Playing board games with a loved one is good for your relationship, study finds


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14 February 2019
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monopoly-gamer-69908.jpg Monopoly Gamer (Hasbro)
But painting miniatures might be even better

Couples who game together, stay together. That’s the suggestion of a recent study into the effect of activities shared by partners, which found that playing board games together releases oxytocin – also known as the ‘love hormone’.

The study conducted by Baylor University researchers looked at the amount of oxytocin, which has been linked with bonding, trust and sexual attraction between people, released during an hour of two different activities: playing board games and painting.

The 20 couples aged between 25 and 40 who took part in the study played games that they already knew how to play, taking away the potential of any negative feeling from having to slog through a thick rulebook. (Definitely a mood-killer.) Some of the games played included traditional games such as cards, draughts, chess and dominoes, as well as more ‘modern’ board games like Monopoly. Puzzles and word games were also counted as part of the selection of games.

Gaming’s potential health benefits have been previously explored, with a 2017 study finding that playing board games once a week may help to combat the risk of cognitive impairment such as Alzheimer’s disease and dementia later in life.

All of the couples in the Baylor University study were found to release oxytocin when playing together, with groups who indulged in a ‘novel’ activity and environment instead of the familiarity of their home releasing even more of the hormone.

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“We were expecting the opposite – that couples playing the board games would interact more because they were communicating about the games and strategies, or because they were competing, and with more interaction, they would release more oxytocin,” said Karen Melton PhD, assistant professor of child and family studies at Baylor’s Robbins College of Health and Human Sciences and co-author of the study.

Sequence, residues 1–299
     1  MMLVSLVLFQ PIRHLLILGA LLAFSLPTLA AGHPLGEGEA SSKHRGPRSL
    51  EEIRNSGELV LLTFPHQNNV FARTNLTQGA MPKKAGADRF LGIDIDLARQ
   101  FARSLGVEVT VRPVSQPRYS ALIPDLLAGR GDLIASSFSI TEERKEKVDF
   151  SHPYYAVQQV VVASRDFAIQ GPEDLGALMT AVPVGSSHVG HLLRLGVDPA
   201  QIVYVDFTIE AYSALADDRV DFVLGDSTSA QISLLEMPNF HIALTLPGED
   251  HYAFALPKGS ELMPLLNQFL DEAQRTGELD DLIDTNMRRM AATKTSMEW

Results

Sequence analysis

Although playing board games was found to be the most effective way of releasing oxytocin for the female participants in the study, the male subjects who spent an hour painting a beach scene in an art class released double the amount of oxytocin than any of the other groups. The women who painted released more oxytocin than the men who played board games.

“Typically, an art class is not seen as an interactive date with your partner,” Melton said. “But sometimes couples that were painting turned the activity into a bonding time by choosing to interact — putting an arm around their partner or simply saying, ‘Good job.’”

Prefer your cardboard to your canvas? Why not consider splitting the difference and painting miniatures with your special someone this Valentine’s Day?

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